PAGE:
UNITED NATIONS (AP) — A United Nations expert said Friday that he will examine the Israeli government's treatment of human rights groups in the region in his next report.
Michael Lynk, the U.N.'s special representatives on the situation of human rights in the Palestinian territories, said that human rights defenders in the region face scorn and he accused Israel of trying to delegitimize their work.
"The fact that the Israeli government threatened to revoke the citizenship of the executive director of B'Tselem is a particularly worrying path for Israel to wind up taking," Lynk said, referring to the rights groups' appearance before the Security Council earlier this month.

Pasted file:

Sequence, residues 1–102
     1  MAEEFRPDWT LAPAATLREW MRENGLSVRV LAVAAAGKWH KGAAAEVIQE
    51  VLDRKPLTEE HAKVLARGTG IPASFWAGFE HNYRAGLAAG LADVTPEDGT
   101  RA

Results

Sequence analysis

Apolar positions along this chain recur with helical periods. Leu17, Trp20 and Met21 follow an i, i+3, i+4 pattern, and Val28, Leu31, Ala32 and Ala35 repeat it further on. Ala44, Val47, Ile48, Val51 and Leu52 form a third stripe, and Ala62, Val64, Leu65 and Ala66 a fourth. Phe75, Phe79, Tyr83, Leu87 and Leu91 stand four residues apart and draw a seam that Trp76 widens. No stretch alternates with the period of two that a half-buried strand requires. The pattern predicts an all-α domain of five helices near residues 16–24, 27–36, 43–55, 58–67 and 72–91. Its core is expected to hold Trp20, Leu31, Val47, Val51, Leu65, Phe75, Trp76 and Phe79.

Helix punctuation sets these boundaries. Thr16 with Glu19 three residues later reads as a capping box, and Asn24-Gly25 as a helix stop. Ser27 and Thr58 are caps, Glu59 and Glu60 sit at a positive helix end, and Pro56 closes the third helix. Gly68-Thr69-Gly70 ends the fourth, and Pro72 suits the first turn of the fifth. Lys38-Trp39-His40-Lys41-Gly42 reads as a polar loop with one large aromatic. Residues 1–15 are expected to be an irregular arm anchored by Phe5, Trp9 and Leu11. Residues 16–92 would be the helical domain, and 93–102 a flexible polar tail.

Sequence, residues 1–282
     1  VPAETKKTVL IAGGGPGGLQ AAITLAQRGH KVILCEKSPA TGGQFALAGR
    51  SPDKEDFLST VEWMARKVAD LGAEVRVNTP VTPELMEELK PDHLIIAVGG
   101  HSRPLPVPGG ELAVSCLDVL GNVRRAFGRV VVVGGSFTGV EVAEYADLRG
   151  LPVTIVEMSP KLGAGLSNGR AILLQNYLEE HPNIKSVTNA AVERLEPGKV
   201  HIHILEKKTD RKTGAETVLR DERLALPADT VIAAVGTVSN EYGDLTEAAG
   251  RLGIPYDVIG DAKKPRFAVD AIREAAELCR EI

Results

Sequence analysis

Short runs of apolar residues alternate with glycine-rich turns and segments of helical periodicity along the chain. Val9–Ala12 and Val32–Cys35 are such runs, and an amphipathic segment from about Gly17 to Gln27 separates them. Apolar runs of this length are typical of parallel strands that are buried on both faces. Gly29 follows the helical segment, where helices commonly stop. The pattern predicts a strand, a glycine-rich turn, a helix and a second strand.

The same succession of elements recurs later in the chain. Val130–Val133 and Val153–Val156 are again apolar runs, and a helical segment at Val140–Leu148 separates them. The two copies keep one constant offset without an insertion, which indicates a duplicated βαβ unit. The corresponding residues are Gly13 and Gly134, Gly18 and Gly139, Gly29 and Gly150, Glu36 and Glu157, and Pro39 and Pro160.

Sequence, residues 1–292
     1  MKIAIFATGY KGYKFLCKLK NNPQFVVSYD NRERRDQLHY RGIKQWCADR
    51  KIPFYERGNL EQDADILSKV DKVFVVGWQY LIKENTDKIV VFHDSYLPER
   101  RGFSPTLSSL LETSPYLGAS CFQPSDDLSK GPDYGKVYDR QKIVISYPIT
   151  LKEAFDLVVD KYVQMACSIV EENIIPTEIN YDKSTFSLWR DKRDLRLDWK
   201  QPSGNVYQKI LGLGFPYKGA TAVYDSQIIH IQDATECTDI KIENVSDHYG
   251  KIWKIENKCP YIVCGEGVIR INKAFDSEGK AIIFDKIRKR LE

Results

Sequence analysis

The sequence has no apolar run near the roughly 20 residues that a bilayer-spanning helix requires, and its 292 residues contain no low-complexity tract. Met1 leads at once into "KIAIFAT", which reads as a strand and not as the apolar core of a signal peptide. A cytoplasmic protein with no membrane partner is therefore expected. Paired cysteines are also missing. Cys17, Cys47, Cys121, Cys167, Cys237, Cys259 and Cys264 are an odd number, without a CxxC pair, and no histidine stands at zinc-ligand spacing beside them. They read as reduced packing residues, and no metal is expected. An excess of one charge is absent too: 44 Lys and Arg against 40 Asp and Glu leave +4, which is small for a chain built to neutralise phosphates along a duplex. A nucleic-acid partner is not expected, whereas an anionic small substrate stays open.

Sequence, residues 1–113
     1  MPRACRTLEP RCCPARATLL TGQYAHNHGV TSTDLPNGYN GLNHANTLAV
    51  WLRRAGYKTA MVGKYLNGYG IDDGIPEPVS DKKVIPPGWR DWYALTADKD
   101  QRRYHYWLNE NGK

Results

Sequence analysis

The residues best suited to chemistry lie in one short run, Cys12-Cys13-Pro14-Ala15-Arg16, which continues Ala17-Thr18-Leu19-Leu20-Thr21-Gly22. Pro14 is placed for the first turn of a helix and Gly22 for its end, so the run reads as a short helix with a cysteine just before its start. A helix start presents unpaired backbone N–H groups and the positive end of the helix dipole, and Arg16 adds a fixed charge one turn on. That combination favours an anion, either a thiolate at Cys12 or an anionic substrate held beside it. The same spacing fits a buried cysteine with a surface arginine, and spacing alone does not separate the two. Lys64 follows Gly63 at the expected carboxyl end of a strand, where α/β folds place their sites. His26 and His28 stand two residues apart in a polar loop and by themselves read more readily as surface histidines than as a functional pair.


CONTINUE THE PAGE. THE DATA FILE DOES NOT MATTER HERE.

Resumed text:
"I am in full support of the statements and the appearance of B'Tselem, the American Friends of Peace Now and any other organizations that appear before the United Nations, trying to highlight the violations of human rights, the violations of humanitarian law and to remind us this occupation is entrenched, is dripping in human rights violations," he added.
In a statement, Israel's U.N. Ambassador Danny Danon called Lynk's comments offensive and said it "shows the immense damage done by Israeli organizations that defame us in front of the international community."
"This U.N. Rapporteur stands at the head of a biased body, he is not credible and we do not recognize his authority," he said. "The lies spread by extremist organizations are 'ammunition' in the hands of those hostile to Israel and provides legitimization for those who wish to act against us in the international arena."